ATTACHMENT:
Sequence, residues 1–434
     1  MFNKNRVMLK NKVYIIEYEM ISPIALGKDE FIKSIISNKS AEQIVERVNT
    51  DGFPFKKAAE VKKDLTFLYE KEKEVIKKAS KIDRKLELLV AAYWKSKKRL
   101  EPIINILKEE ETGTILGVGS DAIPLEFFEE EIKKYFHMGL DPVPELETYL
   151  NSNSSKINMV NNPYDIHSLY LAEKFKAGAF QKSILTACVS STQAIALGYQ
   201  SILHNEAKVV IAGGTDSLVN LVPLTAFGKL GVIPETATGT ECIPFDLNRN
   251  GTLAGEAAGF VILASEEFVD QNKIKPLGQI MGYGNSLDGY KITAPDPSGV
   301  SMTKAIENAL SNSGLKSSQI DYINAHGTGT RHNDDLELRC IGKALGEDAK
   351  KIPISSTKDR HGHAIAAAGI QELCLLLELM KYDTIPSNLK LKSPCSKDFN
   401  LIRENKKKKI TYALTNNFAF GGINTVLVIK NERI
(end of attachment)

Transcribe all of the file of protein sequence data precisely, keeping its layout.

Sequence, residues 1–434
     1  MFNKNRVMLK NKVYIIEYEM ISPIALGKDE FIKSIISNKS AEQIVERVNT
    51  DGFPFKKAAE VKKDLTFLYE KEKEVIKKAS KIDRKLELLV AAYWKSKKRL
   101  EPIINILKEE ETGTILGVGS DAIPLEFFEE EIKKYFHMGL DPVPELETYL
   151  NSNSSKINMV NNPYDIHSLY LAEKFKAGAF QKSILTACVS STQAIALGYQ
   201  SILHNEAKVV IAGGTDSLVN LVPLTAFGKL GVIPETATGT ECIPFDLNRN
   251  GTLAGEAAGF VILASEEFVD QNKIKPLGQI MGYGNSLDGY KITAPDPSGV
   301  SMTKAIENAL SNSGLKSSQI DYINAHGTGT RHNDDLELRC IGKALGEDAK
   351  KIPISSTKDR HGHAIAAAGI QELCLLLELM KYDTIPSNLK LKSPCSKDFN
   401  LIRENKKKKI TYALTNNFAF GGINTVLVIK NERI